Word on the street about the ability of individuals to consume cannabis publicly in a post-legalization environment does not currently align with municipal restrictions.
“What I hear on the street, people assume they’re going to be able to walk around and smoke a joint,” said Strojwas. “They obviously compare it more to tobacco than they do to alcohol. That’s kind of the feedback I’m getting, is they don’t think smoking a joint is infringing on their mental capabilities.”
Commission representative David McLean was terse in his assessment.
“Once we get the laws done, we may have to educate the public.”
Fines for violations of any of the provisions in the recommended amendments range from $150 for a first offence to $500 for a third or subsequent offence.
“The monetary penalties for offences are set at an amount to not only show a deterrence factor but to limit recidivism,” reads Gyepesi’s report.
Donning his public relations cap, Abela assured the commission that the proposed amendments would be far more about public education than a police crackdown on smoking violations.
“The controls that we’re asking be put in place are appropriate. Furthermore, there are several communities in Alberta that are currently doing this — including larger centers and smaller centers. This is more of a messaging, community values statement, than it is an issue around enforcement, punishment, prosecution. Those communities are finding excellent public compliance with the bylaw that’s in place rather than looking at it from the perspective of a police officer on every corner checking to see who’s smoking where. That’s what the message should be here.”
McLean, on the other hand, wasn’t so sure.
“If you put all these things in where they cannot, where is somebody allowed to have a smoke? On top of all that, how are you going to enforce this? If we’re going to recommend this to council, and they’re going to approve and pass it, where are you going to have left for the smokers to have a smoke? I don’t know that I want to be telling people where they can and cannot smoke, effectively taking away most of the places that they can smoke. It smacks of Big Brother to me.”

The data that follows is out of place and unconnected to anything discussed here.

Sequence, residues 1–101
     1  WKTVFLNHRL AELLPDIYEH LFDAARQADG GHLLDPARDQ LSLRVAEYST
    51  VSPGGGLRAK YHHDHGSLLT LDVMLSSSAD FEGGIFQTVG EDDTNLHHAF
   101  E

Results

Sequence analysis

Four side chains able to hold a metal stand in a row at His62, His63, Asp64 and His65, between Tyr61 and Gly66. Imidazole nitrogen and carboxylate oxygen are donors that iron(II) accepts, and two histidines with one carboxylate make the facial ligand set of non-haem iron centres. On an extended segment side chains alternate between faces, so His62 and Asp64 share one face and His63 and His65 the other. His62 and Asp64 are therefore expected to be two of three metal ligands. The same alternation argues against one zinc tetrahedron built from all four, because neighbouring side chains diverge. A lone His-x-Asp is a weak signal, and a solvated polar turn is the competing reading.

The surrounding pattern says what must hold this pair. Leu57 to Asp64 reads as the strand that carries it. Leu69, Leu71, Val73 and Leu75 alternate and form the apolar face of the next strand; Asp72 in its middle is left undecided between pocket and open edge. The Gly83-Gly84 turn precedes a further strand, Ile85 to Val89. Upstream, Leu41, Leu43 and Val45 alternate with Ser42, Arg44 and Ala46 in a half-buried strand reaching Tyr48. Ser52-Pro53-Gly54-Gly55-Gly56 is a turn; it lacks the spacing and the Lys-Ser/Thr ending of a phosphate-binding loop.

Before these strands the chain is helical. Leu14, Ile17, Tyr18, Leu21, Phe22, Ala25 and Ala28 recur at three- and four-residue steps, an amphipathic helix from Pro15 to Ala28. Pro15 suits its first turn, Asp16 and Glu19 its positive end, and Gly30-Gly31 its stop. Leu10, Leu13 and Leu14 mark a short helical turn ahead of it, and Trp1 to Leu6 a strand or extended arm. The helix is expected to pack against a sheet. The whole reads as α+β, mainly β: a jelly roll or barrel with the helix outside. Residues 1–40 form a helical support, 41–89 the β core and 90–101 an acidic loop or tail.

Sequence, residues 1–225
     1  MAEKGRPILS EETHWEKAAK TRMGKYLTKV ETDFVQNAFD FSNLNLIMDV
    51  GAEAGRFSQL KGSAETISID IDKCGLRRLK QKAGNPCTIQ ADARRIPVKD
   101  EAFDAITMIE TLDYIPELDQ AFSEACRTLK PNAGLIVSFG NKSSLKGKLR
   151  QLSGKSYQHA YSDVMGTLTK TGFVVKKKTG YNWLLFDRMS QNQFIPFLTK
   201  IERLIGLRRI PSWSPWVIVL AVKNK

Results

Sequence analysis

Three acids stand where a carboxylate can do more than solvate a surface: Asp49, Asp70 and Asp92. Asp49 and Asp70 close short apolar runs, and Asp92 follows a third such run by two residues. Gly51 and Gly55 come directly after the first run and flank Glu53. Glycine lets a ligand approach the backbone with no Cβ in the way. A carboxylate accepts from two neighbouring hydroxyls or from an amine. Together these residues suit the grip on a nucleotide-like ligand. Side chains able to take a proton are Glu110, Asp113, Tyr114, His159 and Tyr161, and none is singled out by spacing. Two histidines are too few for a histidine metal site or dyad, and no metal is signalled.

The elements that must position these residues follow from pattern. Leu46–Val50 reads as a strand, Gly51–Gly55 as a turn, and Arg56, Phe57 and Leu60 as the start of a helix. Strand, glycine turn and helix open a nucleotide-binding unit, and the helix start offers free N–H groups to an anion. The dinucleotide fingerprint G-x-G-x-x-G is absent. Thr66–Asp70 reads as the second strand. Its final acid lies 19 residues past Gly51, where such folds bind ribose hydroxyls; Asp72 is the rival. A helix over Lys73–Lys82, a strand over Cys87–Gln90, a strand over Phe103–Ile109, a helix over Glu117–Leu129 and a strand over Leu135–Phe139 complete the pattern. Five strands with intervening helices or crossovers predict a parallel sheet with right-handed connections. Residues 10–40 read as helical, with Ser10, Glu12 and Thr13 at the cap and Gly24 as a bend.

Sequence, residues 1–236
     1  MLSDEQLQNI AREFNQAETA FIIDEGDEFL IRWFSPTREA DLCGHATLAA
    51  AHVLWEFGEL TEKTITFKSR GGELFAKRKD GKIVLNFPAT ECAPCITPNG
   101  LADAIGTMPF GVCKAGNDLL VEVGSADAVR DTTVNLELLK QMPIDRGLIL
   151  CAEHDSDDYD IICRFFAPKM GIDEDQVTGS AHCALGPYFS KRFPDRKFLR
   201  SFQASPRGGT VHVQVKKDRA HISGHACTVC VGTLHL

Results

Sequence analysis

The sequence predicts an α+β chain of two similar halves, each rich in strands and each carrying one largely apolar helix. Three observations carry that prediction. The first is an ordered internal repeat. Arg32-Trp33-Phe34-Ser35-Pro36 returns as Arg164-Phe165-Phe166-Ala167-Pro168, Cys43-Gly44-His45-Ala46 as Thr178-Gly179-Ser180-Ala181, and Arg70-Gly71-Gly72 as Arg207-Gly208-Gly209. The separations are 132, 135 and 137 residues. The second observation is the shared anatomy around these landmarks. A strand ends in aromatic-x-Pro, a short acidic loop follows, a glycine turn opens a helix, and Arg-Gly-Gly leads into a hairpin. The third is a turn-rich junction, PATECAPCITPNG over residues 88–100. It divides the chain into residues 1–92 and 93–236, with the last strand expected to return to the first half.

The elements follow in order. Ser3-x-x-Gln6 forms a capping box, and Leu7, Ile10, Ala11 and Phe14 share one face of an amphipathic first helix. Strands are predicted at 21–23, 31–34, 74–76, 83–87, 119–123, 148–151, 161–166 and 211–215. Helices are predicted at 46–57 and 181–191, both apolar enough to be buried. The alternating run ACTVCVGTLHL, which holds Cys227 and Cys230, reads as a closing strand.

Abela countered that the amendments do not outrightly prohibit public smoking, but only further limits where it is permitted.
“Let’s be clear, there’s nothing in this bylaw that prohibits people from smoking in a public place. This recommendation would limit people being able to use e-cigarettes or tobacco in public premises or places where youth congregate. Public sidewalks, public roadways, private residence, places where the Tobacco Use Act provincially allows people to smoke would all be permitted.”
Apparently unconvinced, McLean was still on the fence about enhancing smoking restrictions in the community.
“We’ve got to make this clear enough that the general public can understand it and abide by it, and then clear enough that the officers that are trying to enforce it can enforce it. I don’t want our police commission to turn into the smoke police.”
Discussion also focused on potential restrictions on smoking or e-cigarettes in areas outside the community, such as the trail system, the off-leash dog park, and Trout Pond. Abela noted that as these areas are currently outside the corporate limits of the Town of Taber, town bylaws could not be enforced until those properties were officially annexed by the town.
The Town of Taber is currently in the process of annexing roughly 900 acres of town-owned lands in the M.D. of Taber west of Highway 864.
Following discussion, the commission voted unanimously to table the report and its recommendations pending a decision until the April 18 meeting.
Should the amendments be endorsed by the commission and approved by town council, Gyepesi’s report mentioned the possibility of a public awareness campaign, media interviews, public area signage, and a possible warning ticket campaign to get the word out to citizens.
There is currently no provincial legislation regarding the use of e-cigarettes in public places.